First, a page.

About a year ago I was thumbing through my latest copy of Bon Appetite Magazine when I came across a recipe for Black Sesame and Pear Tea Cake. I don’t recall the description exactly, but the writer suggested that with its deep, rich flavours, this wasn’t a cake for everyone. I was intrigued.
A couple of months later, I still had that cake on my mind. I searched it out, the page still dog-eared and the rest of magazine a litte worn for all of its generous inspiration over the months. I can’t say why, but you know how you sometimes just remember things that seem, for no apparent reason, to stand out? I remember, with great joy, the baking and eating of this cake. Perhaps because L & I did it together on a cold snowy Sunday. She ground the black sesame seeds and cut the pear into small chunks. I whipped the butter and whisked the flours together. I remember having dinner and waiting, rather impatiently, for it to finish baking. The cake took almost 2 hours to bake! The house grew warm and the smell of sugar and spice helped to build the anticipation.
When the cake was finally done, we sat down at the table together to take our first bite. “Wow! This is amazing!” I said. L closed her eyes and smiled and nodded her head as she often does to communicate her deep love of something. It was too much for words in that moment, I think. She was trying to take the bite in through her every sense.
Sometimes things come in cycles. Maybe it was the recent snowfall we had, perhaps it was simply because L & I hadn’t baked together in awhile, but when I saw pears at the market last week, I knew we had to make it again. Since cake feels more like a special occasion treat, it’s not something we make in the house often. So I set my sights on creating an every day version—one that could still match the flavour, stand up to a warm cup of Sunday afternoon tea, and be tucked into a lunch bag for daytime travels. Just as important, though, was creating something healthier so that our afternoon snack didn’t leave us feeling sleepy from the sugar crash. I tinkered around with the recipe a couple of times, switched up the flours and the sweetener, and subbed half the butter for applesauce. I think you’ll find that this makes for some pretty darn good tea cakes (or muffins). It really isn’t a cake for everyone. Its crumb is grainy, its flavour bold, and it has depth, not to mention its deeply hued colour. But if you like black sesame, I think you’ll love it.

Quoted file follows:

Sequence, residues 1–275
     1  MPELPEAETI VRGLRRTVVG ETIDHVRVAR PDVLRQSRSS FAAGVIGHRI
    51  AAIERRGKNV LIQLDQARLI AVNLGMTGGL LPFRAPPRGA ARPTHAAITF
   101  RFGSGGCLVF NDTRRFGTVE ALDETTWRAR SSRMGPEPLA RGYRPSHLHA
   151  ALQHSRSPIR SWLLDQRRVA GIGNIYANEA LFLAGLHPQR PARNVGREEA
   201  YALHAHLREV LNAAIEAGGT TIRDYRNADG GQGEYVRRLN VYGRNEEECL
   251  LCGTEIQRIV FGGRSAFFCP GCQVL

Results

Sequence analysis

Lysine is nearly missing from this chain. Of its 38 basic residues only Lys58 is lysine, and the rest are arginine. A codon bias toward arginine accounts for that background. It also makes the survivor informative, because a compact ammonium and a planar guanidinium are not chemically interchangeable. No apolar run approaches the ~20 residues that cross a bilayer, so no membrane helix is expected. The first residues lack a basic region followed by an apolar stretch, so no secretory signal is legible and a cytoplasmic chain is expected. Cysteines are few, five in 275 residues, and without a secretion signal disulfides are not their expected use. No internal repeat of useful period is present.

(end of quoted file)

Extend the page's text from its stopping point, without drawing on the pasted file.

I really must insist though, if you’re in the mood for a special treat, you should go all out with the original.
- ¼ cup (1/2 stick) unsalted butter, room temperature
- ¼ cup unsweetened apple sauce
- 1 cup + 2 tbsp oat flour
- 1 cup almond flour or almond meal
- 2 teaspoon baking powder
- ½ teaspoon baking soda
- ¼ teaspoon kosher salt
- 2 tablespoons plus ⅓ cup black sesame seeds, divided
- ¼ cup + 2 tbsp honey
- 1 large egg
- 1 large egg yolk
- ¾ cup buttermilk
- 1 large firm, but ripe Bosc pear, cored & cut into ¼-inch cubes
- Preheat oven to 325°. Place paper liners in a muffin tin & set aside.
- Grind ⅓ cup sesame seeds in spice mill until finely ground and starts to clump together, about 1 minute.
- Whisk together 1 cup of flour, almond meal, baking powder, baking soda, salt, and the remaining 2 tablespoons of whole sesame seeds in a medium bowl.
- Using an electric mixer, beat the butter and honey in a large bowl until well combined, 2–3 minutes. Add applesauace and beat until blended, scraping down sides if necessary. Add sesame paste and beat again, continuing to scrape down the sides of the bowl, until blended, 1–2 minutes. Add egg and egg yolk. Beat until the batter is pale and fluffy, 1-2 minutes.
- On low speed, beat in flour mixture in 3 additions, alternating with buttermilk in 2 additions, beginning and ending with dry ingredients.
- Toss pear with remaining 2 tablespoons of flour in a small bowl; fold into batter.
- Evenly spoon batter into muffin tins; smooth top.
- Bake until a tester comes out clean when inserted into center, about 35-45 minutes. Let cool in muffin tin on a wire rack.